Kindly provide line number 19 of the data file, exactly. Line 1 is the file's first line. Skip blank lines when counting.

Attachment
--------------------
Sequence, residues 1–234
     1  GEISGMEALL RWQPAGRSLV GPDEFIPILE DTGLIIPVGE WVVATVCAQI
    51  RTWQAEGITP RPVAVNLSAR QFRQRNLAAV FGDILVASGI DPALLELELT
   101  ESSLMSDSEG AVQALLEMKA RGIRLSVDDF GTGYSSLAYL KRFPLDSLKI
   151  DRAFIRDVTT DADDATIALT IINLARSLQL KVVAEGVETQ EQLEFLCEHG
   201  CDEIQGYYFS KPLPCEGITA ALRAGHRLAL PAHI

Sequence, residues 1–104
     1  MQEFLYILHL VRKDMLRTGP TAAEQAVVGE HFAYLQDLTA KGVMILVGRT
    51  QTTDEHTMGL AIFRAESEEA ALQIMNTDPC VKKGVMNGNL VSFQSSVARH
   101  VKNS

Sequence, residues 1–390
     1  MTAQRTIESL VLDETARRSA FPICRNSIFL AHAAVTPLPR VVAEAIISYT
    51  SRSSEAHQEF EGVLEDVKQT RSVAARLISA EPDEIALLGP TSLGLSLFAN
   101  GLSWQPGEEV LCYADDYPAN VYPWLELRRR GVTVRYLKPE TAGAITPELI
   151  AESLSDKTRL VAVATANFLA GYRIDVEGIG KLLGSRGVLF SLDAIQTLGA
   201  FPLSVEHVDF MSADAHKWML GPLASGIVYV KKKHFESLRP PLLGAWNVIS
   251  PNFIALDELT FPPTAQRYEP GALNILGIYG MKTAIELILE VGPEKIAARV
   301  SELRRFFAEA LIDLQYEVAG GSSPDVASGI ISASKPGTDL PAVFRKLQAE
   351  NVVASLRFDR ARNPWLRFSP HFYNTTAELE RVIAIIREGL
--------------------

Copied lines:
   351  NVVASLRFDR ARNPWLRFSP HFYNTTAELE RVIAIIREGL